• For instance, if a researcher wants to analyse how students speak about their IGCSE experiences, they might choose to interview them and then transcribe those interviews so that they are ready for analysis. Another researcher might want to study how Muslims are represented in news articles in The Sun newspaper. Their data could then be issues of The Sun from the past year.

    2. Next, depending on the researcher's aims, they must decide how they want to measure their data. Examples of measures include the use of particular adjectives, the types of images and colours used, or even what is not mentioned (in addition to what is mentioned).

    3. Next is the coding step, arguably one of the most important in content analysis. Coding involves looking at the selected units of measurement and placing them into distinct categories that the researcher must identify.

    • The reason why the coding step is so important is that it sets guidelines that the researcher can follow to analyse all of their data consistently. The resulting document, which is called a coding frame, is also useful for other researchers to use so that they can replicate this research in the future.

    4. Now that the researcher has established a coding frame, they can begin to code their data. Some researchers do this manually, while others use computer software that can help them out.

    5. Next, the researcher must study their coded data and think about how it relates to their research aims and questions. They can then draw conclusions and report them to others.

    6. Finally, a crucial last step of all research is to evaluate it once it is done. Researchers must reflect on their research methods and data, considering what was done well and what could be improved or elaborated in further research.

    What are the various types of content analysis used in sociology?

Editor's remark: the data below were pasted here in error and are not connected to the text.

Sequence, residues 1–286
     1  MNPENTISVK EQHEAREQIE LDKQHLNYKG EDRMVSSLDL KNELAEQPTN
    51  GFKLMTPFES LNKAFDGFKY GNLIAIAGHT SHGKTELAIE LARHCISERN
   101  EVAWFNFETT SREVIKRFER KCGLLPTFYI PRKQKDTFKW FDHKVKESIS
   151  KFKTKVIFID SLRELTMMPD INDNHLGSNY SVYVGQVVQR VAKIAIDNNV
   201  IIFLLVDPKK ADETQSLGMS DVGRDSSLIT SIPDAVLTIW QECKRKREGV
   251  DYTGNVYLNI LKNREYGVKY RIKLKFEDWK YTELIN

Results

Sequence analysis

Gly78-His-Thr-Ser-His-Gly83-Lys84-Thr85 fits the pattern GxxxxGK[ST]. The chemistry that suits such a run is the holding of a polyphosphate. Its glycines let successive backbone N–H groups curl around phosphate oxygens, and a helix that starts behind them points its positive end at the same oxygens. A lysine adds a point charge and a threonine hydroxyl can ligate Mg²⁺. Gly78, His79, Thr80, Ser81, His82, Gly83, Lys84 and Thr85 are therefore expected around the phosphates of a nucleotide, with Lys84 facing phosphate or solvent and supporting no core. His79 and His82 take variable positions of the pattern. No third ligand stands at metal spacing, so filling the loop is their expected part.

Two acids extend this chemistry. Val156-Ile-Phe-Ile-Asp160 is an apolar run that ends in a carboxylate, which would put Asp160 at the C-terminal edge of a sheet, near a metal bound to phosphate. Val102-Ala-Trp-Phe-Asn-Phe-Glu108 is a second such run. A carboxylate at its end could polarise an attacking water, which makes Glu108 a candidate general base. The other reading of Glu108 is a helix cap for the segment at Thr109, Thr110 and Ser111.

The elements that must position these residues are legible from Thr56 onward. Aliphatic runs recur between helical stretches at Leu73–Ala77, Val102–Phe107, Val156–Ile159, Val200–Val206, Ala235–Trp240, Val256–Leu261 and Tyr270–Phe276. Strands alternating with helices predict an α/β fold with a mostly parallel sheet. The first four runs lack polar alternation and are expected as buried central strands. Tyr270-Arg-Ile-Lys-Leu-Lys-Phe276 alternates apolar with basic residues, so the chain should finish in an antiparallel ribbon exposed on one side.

There are various ways of conducting a sociological content analysis.

    Content Analysis in Sociology, person using a laptop, sociology, StudySmarter

    Researchers often distinguish between conceptual and relational content analyses.

    The methods which researchers opt for can depend on many factors, such as the research aims, the available resources and the researcher's own theoretical stance.

    Conceptual versus relational analysis

    The most common distinction that is made within the method of content analysis distinguishes conceptual content analysis from relational content analysis.

    Conceptual content analysis

    Conceptual content analysis is usually the method which people think of when they talk about content analysis, generally. This involves choosing a particular concept and analysing selected content to test for it, specifically. The researcher will construct a coding frame and categories based on the chosen topic.

    In a conceptual analysis, the instances of the chosen concept are usually identified in two ways:

    • explicit terms are more obvious, whereas

    • implicit terms depend on the interpretation and judgements of the researcher

    Note that we made a similar distinction in our definition of content analysis, between manifest and latent content.

    Imagine you are watching a brand-new Netflix series with your best friend. You both seem to enjoy the show, snacking on popcorn and laughing at all the jokes together. Once the series is complete, you ask your best friend what they thought. They tell you that they really enjoyed it, but that it would have been nice to see more people of colour in the main cast. You realise that you didn't notice this, and decide to go back to see for yourself.

    You set aside a day to rewatch the series on your own, and make a note of all the White and non-White people who play main and side roles in the show, based on how much time screen time they have (explicit term) and the types of contributions that they make to the plot (implicit term). You aim to calculate a difference between the number of White main characters and non-White main characters throughout the series. The task that you now have on your hands is a conceptual content analysis.

    Relational content analysis

    A relational content analysis is quite similar to a conceptual analysis, except that there is an added step: examining the relationships between particular concepts.

    A core assumption of relational analysis is that individual concepts don't have any meaning on their own - but that their meaning is created when they are combined and related with other concepts.